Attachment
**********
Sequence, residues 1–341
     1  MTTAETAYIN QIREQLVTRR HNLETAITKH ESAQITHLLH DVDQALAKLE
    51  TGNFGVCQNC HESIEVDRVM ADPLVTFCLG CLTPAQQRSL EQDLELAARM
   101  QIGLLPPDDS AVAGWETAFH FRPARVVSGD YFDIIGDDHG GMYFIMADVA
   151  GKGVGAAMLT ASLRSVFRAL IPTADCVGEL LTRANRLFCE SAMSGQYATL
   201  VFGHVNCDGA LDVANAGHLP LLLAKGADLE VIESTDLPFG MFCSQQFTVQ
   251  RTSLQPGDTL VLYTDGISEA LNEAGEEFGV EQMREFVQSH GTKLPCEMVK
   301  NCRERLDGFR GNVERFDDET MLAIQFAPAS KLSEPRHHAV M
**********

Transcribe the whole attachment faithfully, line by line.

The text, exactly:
Sequence, residues 1–341
     1  MTTAETAYIN QIREQLVTRR HNLETAITKH ESAQITHLLH DVDQALAKLE
    51  TGNFGVCQNC HESIEVDRVM ADPLVTFCLG CLTPAQQRSL EQDLELAARM
   101  QIGLLPPDDS AVAGWETAFH FRPARVVSGD YFDIIGDDHG GMYFIMADVA
   151  GKGVGAAMLT ASLRSVFRAL IPTADCVGEL LTRANRLFCE SAMSGQYATL
   201  VFGHVNCDGA LDVANAGHLP LLLAKGADLE VIESTDLPFG MFCSQQFTVQ
   251  RTSLQPGDTL VLYTDGISEA LNEAGEEFGV EQMREFVQSH GTKLPCEMVK
   301  NCRERLDGFR GNVERFDDET MLAIQFAPAS KLSEPRHHAV M